lunes, 13 de octubre de 2014

Hearing Their Own Babble Helps Babies Learn to Speak: Study: MedlinePlus

Hearing Their Own Babble Helps Babies Learn to Speak: Study: MedlinePlus

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From the National Institutes of HealthNational Institutes of Health

Hearing Their Own Babble Helps Babies Learn to Speak: Study

Researchers found infants with hearing loss quickly caught up to peers after cochlear implants
By Robert Preidt
Friday, October 10, 2014
HealthDay news image
FRIDAY, Oct. 10, 2014 (HealthDay News) -- Hearing themselves make speech-like sounds such as cooing and babbling is crucial to infants' speech and language development, a new study shows.
The researchers also found that infants with major hearing loss who received cochlear implants to improve their hearing quickly reached the vocalization levels of infants with no hearing problems.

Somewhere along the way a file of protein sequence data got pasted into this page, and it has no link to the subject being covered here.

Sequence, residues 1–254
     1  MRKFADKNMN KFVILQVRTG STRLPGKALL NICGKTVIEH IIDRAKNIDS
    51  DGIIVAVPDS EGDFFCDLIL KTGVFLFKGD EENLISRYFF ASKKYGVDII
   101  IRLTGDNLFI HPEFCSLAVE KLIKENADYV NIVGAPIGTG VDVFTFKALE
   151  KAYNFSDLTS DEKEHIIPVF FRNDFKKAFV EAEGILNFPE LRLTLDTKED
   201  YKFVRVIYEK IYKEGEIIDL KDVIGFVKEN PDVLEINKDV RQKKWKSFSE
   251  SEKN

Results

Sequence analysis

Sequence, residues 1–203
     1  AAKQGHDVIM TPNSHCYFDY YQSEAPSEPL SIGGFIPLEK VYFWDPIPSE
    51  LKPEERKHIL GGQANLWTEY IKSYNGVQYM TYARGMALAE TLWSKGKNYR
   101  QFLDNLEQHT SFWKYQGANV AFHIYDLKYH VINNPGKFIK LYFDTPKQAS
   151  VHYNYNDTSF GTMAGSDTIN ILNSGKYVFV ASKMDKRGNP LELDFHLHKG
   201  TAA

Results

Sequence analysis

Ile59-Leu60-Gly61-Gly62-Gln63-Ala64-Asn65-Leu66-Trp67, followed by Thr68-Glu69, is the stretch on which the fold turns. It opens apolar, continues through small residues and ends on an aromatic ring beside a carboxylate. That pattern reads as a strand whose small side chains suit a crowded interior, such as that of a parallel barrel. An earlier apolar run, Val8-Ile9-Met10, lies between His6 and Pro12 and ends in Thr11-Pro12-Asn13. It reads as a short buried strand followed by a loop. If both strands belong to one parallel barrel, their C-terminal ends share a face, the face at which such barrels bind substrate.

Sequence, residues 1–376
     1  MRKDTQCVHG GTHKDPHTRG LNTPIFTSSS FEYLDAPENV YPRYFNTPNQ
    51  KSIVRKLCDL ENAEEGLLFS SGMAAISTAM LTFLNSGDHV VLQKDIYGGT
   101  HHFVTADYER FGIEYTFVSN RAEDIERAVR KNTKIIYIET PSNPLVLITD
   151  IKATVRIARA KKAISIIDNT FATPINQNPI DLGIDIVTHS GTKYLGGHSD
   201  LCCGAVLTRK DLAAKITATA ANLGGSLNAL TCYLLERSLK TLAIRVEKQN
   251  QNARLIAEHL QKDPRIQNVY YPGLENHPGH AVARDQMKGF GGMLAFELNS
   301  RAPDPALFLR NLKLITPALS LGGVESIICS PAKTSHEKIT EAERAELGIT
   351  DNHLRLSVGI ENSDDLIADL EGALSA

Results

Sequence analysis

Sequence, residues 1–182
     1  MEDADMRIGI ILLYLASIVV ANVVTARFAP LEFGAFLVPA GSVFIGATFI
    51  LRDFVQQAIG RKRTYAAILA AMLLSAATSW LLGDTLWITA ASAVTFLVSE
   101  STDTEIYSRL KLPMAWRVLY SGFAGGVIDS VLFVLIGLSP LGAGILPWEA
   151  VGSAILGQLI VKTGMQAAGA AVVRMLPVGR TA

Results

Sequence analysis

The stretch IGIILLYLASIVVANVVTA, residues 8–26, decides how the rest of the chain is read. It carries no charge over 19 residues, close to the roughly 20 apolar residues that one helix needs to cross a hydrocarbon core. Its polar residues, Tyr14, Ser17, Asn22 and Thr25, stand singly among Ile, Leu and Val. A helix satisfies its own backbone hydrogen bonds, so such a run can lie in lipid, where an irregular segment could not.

"Hearing is a critical aspect of infants' motivation to make early sounds," study author Mary Fagan, an assistant professor in the department of communication science and disorders at the University of Missouri, said in a university news release.
"This study shows babies are interested in speech-like sounds, and that they increase their babbling when they can hear," she added.
The study included 27 hearing infants and 16 infants who had major hearing loss, but later received cochlear implants. Initially, the infants with hearing loss vocalized far less than those with no hearing problems. However, within four months of receiving their cochlear implants, the infants with hearing loss had the same levels of vocalization as those with normal hearing.
"These findings support the importance of early hearing screenings and early cochlear implantation," Fagan said.
She and her colleagues also found that non-speech sounds such as crying and laughing were not affected by infants' hearing ability.
"Babies learn so much through sound in the first year of their lives," Fagan said. "We know learning from others is important to infants' development, but hearing allows infants to explore their own vocalizations and learn through their own capacity to produce sounds."
The study was published recently in the Journal of Experimental Child Psychology.
SOURCE: University of Missouri, news release, September 2014
More Health News on:
Infant and Newborn Development

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